In its very first meeting of 2021, the Shura Council put forward recommendations that had the potential to completely overturn the reforms. While those recommendations were not implemented as amendments to laws, they still found favour by way of new processes. Most striking of which was the requirement for a signed resignation letter in order to process a job change. While domestic workers could also change jobs at any point of the contract, a separate regulation was introduced extending the probation period between recruitment agents and employers to nine months, which added another obstacle to domestic workers’ ability to change jobs at any time during the contract period. Additionally, any attempts to change employers could easily attract a runaway charge against workers, leading to their detention and deportation if they do not have the knowledge or means to challenge the accusation. Soon after the reforms were rolled out, several diplomatic missions of origin countries saw an uptick of female domestic workers leaving their employers and unable to change jobs as they were facing runaway charges. Employers could also shirk their obligation to pay end-of-service gratuity by claiming the worker had absconded.

Wage theft continues to be rampant, but policies, solutions, and mechanisms continue to be ineffective and inadequate. The ministry set up a Workers' Support and Insurance Fund, but there is no transparency in how payouts are decided and disbursed. An April 2022 ministerial decision put a cap on the maximum disbursement of financial entitlements: three months' salary or a maximum of QR20,000 for workers of an existing company; a maximum of QR12,000 if the company no longer exists; and a maximum of QR8,000 for domestic workers. Access to the fund is dependent on the dispute committee’s final decision or the court’s final judgement.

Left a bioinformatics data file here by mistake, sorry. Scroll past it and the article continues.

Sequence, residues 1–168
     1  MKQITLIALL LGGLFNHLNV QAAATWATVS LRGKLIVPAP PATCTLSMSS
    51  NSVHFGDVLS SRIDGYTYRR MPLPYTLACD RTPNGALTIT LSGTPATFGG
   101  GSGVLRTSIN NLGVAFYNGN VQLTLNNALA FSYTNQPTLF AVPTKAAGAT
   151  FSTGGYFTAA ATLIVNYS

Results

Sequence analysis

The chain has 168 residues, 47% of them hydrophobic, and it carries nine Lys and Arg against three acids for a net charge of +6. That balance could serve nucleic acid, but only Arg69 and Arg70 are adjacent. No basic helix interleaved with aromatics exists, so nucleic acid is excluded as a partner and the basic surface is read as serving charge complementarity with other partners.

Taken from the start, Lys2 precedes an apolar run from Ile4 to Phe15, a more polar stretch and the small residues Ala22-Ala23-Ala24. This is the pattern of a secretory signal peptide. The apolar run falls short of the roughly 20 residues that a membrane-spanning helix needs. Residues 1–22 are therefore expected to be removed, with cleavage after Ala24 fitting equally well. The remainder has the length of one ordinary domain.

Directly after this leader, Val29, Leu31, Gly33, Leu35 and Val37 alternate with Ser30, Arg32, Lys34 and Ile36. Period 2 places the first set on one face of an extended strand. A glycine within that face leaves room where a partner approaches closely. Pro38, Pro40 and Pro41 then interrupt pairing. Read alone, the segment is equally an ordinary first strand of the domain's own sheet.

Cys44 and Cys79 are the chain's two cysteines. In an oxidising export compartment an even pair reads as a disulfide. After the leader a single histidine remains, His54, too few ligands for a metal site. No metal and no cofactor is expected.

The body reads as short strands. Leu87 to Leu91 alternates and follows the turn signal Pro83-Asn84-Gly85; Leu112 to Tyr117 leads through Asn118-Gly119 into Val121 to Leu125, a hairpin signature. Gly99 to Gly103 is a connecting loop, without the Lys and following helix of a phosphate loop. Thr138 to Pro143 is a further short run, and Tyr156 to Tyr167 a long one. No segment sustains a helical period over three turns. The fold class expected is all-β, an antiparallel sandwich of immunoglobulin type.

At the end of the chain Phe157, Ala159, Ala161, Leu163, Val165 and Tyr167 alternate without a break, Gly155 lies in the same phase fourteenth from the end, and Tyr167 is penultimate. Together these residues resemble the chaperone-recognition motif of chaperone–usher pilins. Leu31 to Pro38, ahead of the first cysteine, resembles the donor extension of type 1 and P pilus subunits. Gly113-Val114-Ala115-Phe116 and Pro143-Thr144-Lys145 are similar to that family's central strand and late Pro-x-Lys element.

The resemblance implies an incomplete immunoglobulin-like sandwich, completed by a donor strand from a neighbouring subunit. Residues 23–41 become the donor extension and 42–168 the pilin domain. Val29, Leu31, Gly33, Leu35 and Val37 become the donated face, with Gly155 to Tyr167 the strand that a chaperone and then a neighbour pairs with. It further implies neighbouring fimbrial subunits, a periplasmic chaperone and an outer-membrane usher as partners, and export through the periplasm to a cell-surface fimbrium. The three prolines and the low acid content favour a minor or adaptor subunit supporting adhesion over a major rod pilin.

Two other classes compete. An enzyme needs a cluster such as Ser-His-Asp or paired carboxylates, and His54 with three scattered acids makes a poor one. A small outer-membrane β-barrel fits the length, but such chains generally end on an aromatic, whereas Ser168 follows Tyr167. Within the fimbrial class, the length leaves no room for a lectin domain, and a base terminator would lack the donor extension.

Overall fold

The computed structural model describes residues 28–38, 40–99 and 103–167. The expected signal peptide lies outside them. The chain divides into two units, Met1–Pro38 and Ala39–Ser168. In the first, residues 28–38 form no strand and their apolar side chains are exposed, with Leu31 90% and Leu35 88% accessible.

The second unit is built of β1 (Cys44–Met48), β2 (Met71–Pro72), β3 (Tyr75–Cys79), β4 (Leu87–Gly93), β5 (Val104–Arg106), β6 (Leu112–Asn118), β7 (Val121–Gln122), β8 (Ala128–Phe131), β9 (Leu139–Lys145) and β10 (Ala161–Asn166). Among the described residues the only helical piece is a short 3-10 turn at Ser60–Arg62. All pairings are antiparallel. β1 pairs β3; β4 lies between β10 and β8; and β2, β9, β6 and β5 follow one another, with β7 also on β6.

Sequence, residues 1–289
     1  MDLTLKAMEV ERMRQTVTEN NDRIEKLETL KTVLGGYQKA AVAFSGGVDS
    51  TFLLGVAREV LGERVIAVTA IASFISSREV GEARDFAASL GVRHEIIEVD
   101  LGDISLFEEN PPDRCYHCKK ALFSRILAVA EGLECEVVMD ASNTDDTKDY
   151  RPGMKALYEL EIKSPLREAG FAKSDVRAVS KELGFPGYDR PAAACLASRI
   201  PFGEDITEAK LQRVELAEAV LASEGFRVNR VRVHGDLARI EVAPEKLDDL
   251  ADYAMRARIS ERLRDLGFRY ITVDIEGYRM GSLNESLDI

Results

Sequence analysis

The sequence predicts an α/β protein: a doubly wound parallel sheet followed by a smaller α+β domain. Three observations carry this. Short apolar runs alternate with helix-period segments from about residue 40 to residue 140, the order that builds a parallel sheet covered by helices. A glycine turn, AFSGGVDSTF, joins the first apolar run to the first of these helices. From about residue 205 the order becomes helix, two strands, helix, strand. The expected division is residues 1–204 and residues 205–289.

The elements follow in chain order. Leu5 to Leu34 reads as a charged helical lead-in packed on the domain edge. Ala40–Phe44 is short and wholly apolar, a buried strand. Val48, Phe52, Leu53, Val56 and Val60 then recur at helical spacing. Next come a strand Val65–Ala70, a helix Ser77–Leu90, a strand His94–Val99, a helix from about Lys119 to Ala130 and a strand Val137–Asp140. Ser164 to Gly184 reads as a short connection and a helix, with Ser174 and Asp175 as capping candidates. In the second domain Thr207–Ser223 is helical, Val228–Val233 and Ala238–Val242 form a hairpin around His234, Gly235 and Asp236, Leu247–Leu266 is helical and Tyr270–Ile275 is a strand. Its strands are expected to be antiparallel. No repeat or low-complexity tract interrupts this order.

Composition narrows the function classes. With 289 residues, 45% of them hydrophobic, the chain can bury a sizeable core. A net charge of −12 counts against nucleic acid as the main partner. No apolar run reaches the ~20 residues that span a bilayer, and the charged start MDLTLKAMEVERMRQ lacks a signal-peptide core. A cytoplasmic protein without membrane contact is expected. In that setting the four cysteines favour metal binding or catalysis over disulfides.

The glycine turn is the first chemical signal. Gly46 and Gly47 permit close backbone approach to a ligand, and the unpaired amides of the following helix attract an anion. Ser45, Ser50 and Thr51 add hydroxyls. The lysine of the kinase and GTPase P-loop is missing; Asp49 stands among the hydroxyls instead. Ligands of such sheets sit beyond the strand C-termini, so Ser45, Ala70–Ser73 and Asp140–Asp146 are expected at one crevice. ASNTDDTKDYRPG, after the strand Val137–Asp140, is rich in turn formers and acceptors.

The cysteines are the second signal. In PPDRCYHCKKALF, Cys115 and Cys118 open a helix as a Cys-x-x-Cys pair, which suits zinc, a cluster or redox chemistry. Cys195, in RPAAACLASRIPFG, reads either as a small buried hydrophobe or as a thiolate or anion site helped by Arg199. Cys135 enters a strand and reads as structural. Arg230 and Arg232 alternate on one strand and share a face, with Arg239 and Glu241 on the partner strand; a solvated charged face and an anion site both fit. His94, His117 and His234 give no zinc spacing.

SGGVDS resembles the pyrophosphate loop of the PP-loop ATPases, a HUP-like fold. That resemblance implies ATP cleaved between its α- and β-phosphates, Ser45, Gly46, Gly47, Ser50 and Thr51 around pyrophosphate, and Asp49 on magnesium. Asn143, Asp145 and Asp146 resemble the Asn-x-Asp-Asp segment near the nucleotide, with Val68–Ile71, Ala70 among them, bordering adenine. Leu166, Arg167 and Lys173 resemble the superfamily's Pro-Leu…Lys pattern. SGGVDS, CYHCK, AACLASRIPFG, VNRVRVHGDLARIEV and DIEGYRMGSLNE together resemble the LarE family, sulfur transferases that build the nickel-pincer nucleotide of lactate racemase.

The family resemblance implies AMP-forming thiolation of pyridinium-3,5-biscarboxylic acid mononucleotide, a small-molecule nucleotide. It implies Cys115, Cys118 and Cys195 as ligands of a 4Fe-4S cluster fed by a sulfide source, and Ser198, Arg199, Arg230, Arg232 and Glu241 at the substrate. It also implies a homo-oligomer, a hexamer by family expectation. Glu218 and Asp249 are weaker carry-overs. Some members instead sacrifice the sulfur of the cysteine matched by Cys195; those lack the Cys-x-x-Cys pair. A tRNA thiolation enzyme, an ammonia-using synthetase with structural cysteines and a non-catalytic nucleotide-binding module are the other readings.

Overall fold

There had also been an increased recruitment of dispatch riders to work in the gig sector for food delivery and taxi services, to meet the needs of World Cup fans, and several instances of wage theft and abandonment have been recorded since. And there has been no movement towards regulating this sector.

Recruitment in the months preceding the World Cup had also become murkier. Prior to these reforms, Qatar had introduced the Qatar Visa Centres (QVC) in several origin countries. The QVCS provided the last mile of service in the recruitment process and intended to prevent contract substitution and complete most parts of the visa and work permit process before departure. However, in the year running up to the World Cup, project visas were introduced as part of the ‘Exceptional Entry Permit’ under the Supreme Committee for Crisis Management, which was established to manage ‘crises and disasters’ in 2020. The visas bypassed the minimal protections offered by QVCs, and workers who were expecting a standard 2-year contract found themselves terminated after three or six months, or when the project was completed. The shorter work term also meant they were not eligible for the end-of-service benefits, as per Qatar labour laws. Corruption has been rife both among project visas and other recruitment in the last couple of years, with workers paying millions in illegal recruitment fees.